Global Alert and Response (GAR)

WHO Report on Global Surveillance of Epidemic-prone Infectious Diseases - African trypanosomiasis


Sleeping sickness is one of the few communicable diseases where systematic population screening is necessary, particularly for gambiense sleeping sickness which has a very long almost asympotomatic period. There are several reasons for this including the difficulty of diagnosis which cannot normally be made in remote primary health care facilities (4), the difficulty and high risk of treatment for the late stage, for which special skills are required, and the near impossibility of vector control. Therefore, the control measure most often used for gambiense sleeping sickness is systematic screening of the population to detect all cases, including those in both the first and second stage of disease, and then curing them. Guidelines for sleeping sickness surveillance have been developed by WHO in collaboration with sleeping sickness endemic countries (5).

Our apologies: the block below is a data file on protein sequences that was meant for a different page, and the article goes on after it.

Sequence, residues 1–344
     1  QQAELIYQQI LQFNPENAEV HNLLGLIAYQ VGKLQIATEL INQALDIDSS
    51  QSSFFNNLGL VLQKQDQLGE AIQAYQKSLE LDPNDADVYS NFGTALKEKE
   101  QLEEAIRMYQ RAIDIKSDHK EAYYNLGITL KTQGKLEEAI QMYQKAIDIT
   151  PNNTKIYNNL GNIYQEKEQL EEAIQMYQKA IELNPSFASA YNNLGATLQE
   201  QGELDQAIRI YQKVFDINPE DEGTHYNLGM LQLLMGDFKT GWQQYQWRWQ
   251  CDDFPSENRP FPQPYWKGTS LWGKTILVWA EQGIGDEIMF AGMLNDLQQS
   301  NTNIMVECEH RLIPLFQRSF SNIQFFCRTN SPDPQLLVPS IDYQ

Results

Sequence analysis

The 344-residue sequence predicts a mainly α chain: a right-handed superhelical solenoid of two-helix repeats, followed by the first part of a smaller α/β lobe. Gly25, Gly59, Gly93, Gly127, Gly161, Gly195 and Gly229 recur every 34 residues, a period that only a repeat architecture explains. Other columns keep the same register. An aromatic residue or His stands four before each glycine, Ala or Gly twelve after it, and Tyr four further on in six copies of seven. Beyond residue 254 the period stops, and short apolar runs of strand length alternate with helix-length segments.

(4) Serological detection with the CATT test (Card Agglutination Trypanosomiasis Test), is commonly used in screening. However, this test has insufficient specificity (too many false positives) to be used as a definitive diagnosis. Parasitological examinations are sufficiently specific, but are not sensitive enough unless done over a period of several successive days, because the level of parasites in the blood oscillates rapidly. If the blood is taken during the part of the cycle when few parasites are circulating, then a parasitological examination is likely to be negative, even though the disease is present. Appropriate treatment depends on whether or not the parasite has passed the blood/brain barrier. A spinal tap is needed for determining this.

(5) Trypanosomiase Humaine Africaine: Surveillance epidemiologique et systeme d'information geographique (S.I.G), Geneva, World Health Organization, 1996.